IBM 5150  -  Cassette BASIC

This is the BASIC that is built into the IBM 5150 motherboard.

The 5150 motherboard will boot to cassette BASIC if it cannot find a disk that it can boot from.

Cassette BASIC resides in motherboard ROM chips U29, U30, U31 and U32.  Those four chips contain the BASIC and nothing else.

IBM possibly named it 'cassette BASIC' because it supports the cassette port only, e.g. you cannot write/read BASIC files to/from floppy disks (or hard disk drives).
If you require disk support, then use the BASIC or BASICA included in IBM PC DOS (or the BASIC in MS-DOS).


When cassette BASIC starts, one of the things displayed is the version number.
In a 5150, it will be either version C1.00 or the later C1.10
The 'C' portion is an indicator that the BASIC is the 'cassette' version.

RAM usage

Although cassette BASIC runs from ROM, it uses RAM (for itself, to hold your program, for variables, etc.)

When cassette BASIC starts:
• it uses a certain amount of motherboard RAM, per the following:
16KB-64KB motherboard  ---> Whatever RAM is fitted on the motherboard (either 16KB, 32KB, 48KB, or 64KB)
64KB-256KB motherboard  ---> 64 KB
• reserves some of that amount for itself; then
• displays the free amount, e.g. "62940 Bytes free".


In regard to this built-in BASIC, 'cassette BASIC' is the term used in the Guide to Operations manuals for the 5150.
In the Technical Reference manuals, 'cassette BASIC' is also used, but 'resident BASIC' has been used in some places instead.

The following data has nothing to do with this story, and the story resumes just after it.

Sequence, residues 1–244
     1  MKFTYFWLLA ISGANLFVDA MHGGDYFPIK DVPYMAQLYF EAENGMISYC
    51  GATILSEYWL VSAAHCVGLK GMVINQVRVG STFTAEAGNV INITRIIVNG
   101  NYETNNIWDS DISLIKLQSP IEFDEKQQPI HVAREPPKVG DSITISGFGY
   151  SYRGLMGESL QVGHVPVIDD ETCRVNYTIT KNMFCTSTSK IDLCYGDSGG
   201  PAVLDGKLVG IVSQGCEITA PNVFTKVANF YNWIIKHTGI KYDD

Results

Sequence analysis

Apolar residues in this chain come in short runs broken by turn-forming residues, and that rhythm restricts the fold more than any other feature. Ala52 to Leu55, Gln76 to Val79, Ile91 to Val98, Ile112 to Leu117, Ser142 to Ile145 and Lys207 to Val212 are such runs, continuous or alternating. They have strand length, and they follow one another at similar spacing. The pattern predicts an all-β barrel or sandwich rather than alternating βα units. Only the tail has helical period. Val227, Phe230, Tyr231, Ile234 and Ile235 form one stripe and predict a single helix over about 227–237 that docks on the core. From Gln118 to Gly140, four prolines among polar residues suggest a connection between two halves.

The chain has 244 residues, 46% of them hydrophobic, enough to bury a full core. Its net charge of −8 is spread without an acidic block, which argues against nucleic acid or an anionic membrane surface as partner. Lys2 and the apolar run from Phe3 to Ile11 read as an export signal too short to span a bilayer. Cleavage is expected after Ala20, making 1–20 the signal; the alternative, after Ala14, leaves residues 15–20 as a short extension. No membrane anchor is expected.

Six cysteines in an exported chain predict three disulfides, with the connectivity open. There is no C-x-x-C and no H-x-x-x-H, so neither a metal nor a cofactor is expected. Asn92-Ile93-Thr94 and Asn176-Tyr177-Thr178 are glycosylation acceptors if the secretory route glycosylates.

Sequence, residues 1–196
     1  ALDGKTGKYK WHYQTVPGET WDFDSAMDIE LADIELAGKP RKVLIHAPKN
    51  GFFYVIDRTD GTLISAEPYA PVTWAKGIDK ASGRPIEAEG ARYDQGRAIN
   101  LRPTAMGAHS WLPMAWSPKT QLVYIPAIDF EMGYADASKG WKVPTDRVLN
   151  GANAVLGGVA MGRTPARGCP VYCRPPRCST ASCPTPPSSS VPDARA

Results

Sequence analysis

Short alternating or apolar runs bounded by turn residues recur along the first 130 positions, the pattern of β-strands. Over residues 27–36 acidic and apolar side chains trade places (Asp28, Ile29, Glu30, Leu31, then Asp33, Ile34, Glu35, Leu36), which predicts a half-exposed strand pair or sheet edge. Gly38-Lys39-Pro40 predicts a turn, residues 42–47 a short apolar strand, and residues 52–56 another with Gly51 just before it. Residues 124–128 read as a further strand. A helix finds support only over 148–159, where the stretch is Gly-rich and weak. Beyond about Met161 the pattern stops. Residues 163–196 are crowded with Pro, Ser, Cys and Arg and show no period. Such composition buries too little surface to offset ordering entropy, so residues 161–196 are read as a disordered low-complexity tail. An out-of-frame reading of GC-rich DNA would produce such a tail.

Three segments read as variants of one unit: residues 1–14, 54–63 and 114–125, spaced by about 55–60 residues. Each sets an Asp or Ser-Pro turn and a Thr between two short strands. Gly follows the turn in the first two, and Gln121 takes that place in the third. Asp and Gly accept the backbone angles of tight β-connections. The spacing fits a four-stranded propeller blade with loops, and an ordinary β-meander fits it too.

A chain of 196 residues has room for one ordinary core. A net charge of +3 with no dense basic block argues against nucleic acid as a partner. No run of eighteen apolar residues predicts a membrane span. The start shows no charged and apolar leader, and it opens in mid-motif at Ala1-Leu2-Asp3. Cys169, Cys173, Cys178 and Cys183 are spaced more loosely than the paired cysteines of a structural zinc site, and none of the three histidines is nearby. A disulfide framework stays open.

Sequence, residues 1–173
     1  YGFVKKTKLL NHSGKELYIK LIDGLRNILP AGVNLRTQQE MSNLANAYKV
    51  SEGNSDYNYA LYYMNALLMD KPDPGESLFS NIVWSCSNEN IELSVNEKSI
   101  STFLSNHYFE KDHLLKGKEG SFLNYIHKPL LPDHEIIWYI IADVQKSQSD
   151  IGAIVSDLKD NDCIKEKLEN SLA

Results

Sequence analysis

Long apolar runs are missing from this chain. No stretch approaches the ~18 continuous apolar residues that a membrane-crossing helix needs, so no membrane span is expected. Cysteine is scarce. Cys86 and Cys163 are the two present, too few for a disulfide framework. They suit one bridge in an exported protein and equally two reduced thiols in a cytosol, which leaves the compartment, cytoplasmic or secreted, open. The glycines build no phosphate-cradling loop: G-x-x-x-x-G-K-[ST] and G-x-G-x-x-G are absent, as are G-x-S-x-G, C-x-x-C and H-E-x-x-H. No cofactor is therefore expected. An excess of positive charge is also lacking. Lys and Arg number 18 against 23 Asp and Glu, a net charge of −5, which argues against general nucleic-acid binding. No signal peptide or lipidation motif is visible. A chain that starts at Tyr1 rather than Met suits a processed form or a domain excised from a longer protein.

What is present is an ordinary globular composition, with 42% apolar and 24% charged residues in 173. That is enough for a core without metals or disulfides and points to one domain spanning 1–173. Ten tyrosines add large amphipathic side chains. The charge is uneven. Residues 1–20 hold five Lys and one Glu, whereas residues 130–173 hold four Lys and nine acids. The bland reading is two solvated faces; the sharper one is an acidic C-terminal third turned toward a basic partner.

Part numbers

The IBM part number is seven digits long, and printed on top of each BASIC ROM chip.
Following are some sets that I have seen.

  Example #1 Example #2 Example #3 Example #4
U32 5700043 5700043 6359113 5000023
U31 5700035 5700035 6359112 5000022
U30 5700027 5000020 6359111 5000021
U29 5700019 5700019 6359109 5000019
  C1.00     C1.10

A photo which includes example #4 is at here.

Replacing faulty BASIC ROM chips

Content images of the BASIC ROM chips are at here.

Note that the BASIC ROM chips have the same special pinout as used by the BIOS ROM, chip U33.
• A 2732 type EPROM is not suitable.  It has a different pinout, and its capacity (4 KB) is half of what is required.
• If a suitable adapter is used, then 2764, 27128, 27256 and 27512 EPROM's can be used.
• There is an EPROM equivalent.

Click here for more replacement information.  That page is about the U33 chip, but the same information applies to the BASIC ROM chips.


It is the same as the one used by the Radio Shack (Tandy) TRS-80.


If one or more of the BASIC ROM chips fail, the resulting symptom varies according to the revision of BIOS (BIOS resides in chip U33) that is fitted.

At power on, you see the flashing cursor as expected.
A few seconds later, one long beep followed by one short beep.  About 15 seconds later, a single short beep.
No further progress.
Even after a few minutes, a flashing cursor is still on screen.
No indication that points to the BASIC chips.
At power on, you see the flashing cursor as expected.
Then, the floppy drive's LED and spindle motor turn on, but never turn off.  No futher progress.
Then, inserting a boot floppy does nothing (no boot attempt made).
U29 failure: "F600 ROM" displayed
U30 failure: "F800 ROM" displayed
U31 failure: "FA00 ROM" displayed
U32 failure: "FC00 ROM" displayed